Standard lens A standard lens is so called because it gives roughly the same magnification as the human eye, which is actually around 43mm. This lens used to be supplied with all film cameras when you bought a camera, but once zooms appeared the standard lens took a back seat. It's often preferred by purists because it has three key features. First is speed. A standard lens will have an aparture of f/2 or faster. Most of the modern standard lenses are either f/1.7 of f/1.4. There are also a few f/1.2s and f/1s around too. Secondly the simple construction allows a standard lens to be smaller and lighter making it east to carry around. Third is the fact a standard gives roughly what the eye sees so can ensure what you photograph appears more natural and doesn't place emphasis on what appears to be unnatural perspective.
|Telephoto lens |
Telephoto lenses not only bring a distant subject closer, they also have the effect of compressing perspective because you will generally be further from your subject. Lenses from this range are useful for landscapes or sports and wildlife, where access is restricted. Telephotos are lenses longer than a standard 50mm and a short telephoto in the 90-100mm region is perfect for portrait photography, while 135mm-300mm are more suitable for pulling in distant detail in a landscape or for picking out details on buildings. anything above 300mm is classed as a super telephoto.
|Super telephoto lens |
These lenses have focal lengths above 300mm and are what the sports and action photographers use to home in on distant subjects. They're also ideal for bird and wildlife photography to shoot timid or dangerous animals from afar. The downside of such a lens is weight and bulk. A tripod is also often needed to hold the len steady.
|Zoom lens |
A zoom lens offers a continuously variable focal length, normally without the need to refocus. A wide-angle zoom covers a range of focal lengths that include a wide angle setting. A standard zoom goes from a slight wide angle to telephoto and a telezoom covers a range of telephoto focal lengths. Some zoom lenses are called super zooms because they cover a larger range of focal lengths from wide angle to longer telephoto.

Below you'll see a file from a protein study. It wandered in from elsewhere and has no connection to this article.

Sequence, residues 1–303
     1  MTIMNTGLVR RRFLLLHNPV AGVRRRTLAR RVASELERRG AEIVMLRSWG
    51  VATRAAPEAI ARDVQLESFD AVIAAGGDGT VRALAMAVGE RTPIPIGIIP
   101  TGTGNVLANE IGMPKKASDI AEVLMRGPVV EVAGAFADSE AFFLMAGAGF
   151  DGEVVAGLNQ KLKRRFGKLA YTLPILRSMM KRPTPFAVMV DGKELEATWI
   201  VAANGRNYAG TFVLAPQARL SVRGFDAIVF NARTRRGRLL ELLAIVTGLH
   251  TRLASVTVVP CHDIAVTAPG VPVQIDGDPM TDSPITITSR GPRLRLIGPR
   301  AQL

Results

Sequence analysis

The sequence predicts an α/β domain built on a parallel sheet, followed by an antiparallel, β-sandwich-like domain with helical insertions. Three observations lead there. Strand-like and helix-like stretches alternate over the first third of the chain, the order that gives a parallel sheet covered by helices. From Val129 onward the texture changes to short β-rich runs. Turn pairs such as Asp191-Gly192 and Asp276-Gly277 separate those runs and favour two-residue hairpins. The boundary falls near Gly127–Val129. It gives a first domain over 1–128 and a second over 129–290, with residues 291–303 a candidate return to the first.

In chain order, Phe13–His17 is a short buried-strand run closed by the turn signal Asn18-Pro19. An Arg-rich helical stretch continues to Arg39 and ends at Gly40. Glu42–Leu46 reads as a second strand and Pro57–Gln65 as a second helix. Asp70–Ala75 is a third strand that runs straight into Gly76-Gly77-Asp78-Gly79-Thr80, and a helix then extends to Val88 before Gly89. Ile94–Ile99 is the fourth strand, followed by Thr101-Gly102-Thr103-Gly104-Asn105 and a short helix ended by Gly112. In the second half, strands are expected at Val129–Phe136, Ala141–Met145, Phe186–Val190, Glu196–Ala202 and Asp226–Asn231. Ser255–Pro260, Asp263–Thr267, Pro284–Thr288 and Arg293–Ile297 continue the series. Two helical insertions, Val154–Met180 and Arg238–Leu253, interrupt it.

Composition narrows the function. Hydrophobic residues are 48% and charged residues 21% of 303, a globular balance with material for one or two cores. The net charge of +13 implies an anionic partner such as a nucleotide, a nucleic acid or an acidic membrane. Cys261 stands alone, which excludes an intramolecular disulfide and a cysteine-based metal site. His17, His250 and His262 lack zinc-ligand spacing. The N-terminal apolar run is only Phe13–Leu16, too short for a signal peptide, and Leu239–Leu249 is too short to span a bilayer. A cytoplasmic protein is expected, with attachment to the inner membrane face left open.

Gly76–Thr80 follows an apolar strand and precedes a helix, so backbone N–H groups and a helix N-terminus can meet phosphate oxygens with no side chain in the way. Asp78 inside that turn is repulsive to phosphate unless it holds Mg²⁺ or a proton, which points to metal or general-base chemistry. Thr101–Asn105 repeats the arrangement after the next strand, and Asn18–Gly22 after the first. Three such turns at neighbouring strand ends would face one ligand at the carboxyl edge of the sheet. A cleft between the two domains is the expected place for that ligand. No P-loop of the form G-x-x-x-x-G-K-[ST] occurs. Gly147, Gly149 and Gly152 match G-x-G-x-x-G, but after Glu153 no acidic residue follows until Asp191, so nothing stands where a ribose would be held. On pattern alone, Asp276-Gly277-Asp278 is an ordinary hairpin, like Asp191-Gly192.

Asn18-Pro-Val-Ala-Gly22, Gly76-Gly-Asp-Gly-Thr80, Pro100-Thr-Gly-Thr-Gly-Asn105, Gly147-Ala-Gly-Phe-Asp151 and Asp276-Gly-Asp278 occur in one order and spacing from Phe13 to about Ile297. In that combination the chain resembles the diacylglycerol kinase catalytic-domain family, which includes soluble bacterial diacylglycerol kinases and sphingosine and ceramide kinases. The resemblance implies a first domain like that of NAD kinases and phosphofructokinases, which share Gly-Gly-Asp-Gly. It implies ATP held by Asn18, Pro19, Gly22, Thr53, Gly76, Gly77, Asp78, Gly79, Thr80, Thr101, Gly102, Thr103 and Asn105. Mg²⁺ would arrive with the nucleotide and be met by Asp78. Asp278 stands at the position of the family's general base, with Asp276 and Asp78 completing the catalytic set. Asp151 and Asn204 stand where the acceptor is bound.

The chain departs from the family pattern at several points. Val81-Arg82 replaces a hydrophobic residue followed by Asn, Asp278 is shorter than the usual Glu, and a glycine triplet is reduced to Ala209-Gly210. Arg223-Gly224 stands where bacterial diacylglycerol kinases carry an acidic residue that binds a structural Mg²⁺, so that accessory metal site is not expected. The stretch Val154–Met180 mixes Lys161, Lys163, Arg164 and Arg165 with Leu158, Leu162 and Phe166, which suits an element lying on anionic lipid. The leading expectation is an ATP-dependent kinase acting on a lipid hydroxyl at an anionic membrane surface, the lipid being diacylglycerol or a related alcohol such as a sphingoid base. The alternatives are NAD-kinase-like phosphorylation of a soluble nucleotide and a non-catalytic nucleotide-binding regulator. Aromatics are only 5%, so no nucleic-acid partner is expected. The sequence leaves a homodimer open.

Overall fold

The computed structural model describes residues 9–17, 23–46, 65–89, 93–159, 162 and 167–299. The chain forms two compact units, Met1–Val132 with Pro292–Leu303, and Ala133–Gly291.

| Fish-eye lens Extreme wide-angle lens that gives 180° coverage and is uncorrected for curvilinear distortion so you produce a circular photograph. |
|Mirror Lens |
This is technically known as a catadioptric lens and has an unusual construction of mirrors and lens elements. As well as glass elements there are mirrors at the front and rear to fold the light as it enters the lens. This results in a casing that's a little wider than normal, but half the length and much lighter. Mirror lenses appear in focal lengths from 300mm to 2000mm.
| Macro lens |
A lens that is designed to give optimum resolution at close subject distances. Macro lenses are made in focal lengths from 50mm to 200mm. 90-100mm being the most common choice.
See this article for more information on close-up photography
This accessory fits between the camera body and lens to increase the magnification of the the lens. They are available in 1.4x, 1.7x, 2x and 3x magnifications and usually come in different constructions from 3 to 7 elements depending on the quality you are after. Generally speaking, the more elements the better the quality. When used an 80-200mm zoom, for example, becomes a 112-280mm, 136-340mm, 160-400mm and 240-600mm respectively.
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